This post is written by Katie about her only full day in Berlin on the way to Hamburg (and then Copenhagen).
I woke at 6:30am to bright light shining in from the gap between the blackout curtains (since they would not completely cover the windows). I went back to sleep and slept fitfully until 9am.
After waking and getting ready, I went to ALDI to get 0.65€ of milk and bread for breakfast. I ate this breakfast in the hostel’s outdoor bar area (which was not open in the morning) and then took the S-bahn to Alexanderplatz for an 11am Alternative Free walking tour. I bought a 7€ day pass for the metro, which ended up being a good investment (although I was not ticket-checked at all today).
|An example of gridded art (not stencil art) on a firewall, as well as some unsuccessful fire extinguisher graffiti in the bottom left.|
I arrived shortly after 11am, just as the tour was starting. There were two guides that broke the group in half. I ended up with Ben from New Zealand who was a local artist who had been living in Berlin for 8 years.
|A garden that existed essentially between East and West Berlin while the Berlin Wall existed. The Turkish man who created the garden still lives here today!|
|YAAM beach across the Spree|
Ben walked us around the mitte area before we took the U-bahn to Kreuzberg. We saw lots of graffiti and poster artwork in mitte. In Kreuzberg we saw more graffiti but also learned about squatter houses, art houses, community gardens, drama between alternative Berlin and politicians, and so much more. It was a very informative tour. We ended the tour at YAAM, which includes a long-standing beach bar that has been forced to move twice due to development.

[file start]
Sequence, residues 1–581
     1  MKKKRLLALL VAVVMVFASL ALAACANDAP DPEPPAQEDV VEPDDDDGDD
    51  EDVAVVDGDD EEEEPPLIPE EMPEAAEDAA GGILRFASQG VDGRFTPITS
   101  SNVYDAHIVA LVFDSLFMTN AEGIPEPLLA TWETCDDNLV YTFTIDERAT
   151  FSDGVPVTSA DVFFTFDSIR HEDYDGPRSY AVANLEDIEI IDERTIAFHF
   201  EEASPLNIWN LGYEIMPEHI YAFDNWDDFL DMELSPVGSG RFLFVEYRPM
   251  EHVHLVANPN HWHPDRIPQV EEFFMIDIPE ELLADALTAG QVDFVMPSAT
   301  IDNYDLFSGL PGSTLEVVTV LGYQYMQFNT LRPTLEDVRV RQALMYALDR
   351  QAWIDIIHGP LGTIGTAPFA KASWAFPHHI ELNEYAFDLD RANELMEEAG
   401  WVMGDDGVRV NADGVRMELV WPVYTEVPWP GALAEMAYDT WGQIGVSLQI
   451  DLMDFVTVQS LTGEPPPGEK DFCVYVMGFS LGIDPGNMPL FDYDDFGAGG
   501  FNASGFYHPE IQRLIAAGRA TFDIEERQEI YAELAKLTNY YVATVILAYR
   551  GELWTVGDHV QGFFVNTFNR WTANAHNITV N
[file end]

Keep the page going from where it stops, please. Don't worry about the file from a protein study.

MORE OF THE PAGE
|East Side Gallery|
After finishing the 3 hour tour, I found that I was near the East Side Gallery. Due to its proximity, I decided to take a stroll along the wall. I found that the touts were much tamer than in 2013, and I actually enjoyed the walk. On the back side of the wall, there was an informative, heart-breaking temporary exhibit on injuries sustained in the Syrian War (and how these injuries are being treated and how they affect these people’s lives). It was really moving.
|Unexpectedly, I returned to my bed having been turned and my personal belongings I had left on it strewn aside. Not confidence inspiring.|
I returned to Generator Prenzlauer Berg for a break. At the hostel, I was surprised to see that all of the sheets had been removed from my bed!
|It’s a big park with two runways as well as surrounding paths.|
Once I remade my bed I headed to Bradenberg Gate for a short visit. After getting a quick glance of Bradenberg Gate, I continued onward to Berlin Tempelhof Airport. Tempelhof ceased operation in 2008 and is now a beloved local park.
|Lots of people running, walking, and biking on the runways!|
Beloved indeed. The park was really active when I visited in the late afternoon. It seemed that many locals had decided to visit the park after work. There were soccer, rugby, and basketball games ongoing. Many people were running, roller-blading, and biking along the taxiways and runways. Lots of people were picnicking and hanging out. In addition to all the people watching, I was also thrilled to be able to walk around the airports runways and taxiways!
|How many times do you get to stand in the middle of a runway!|
I left Tempelhof as the sun was setting and headed back to the hostel. After working a bit, I headed to bed.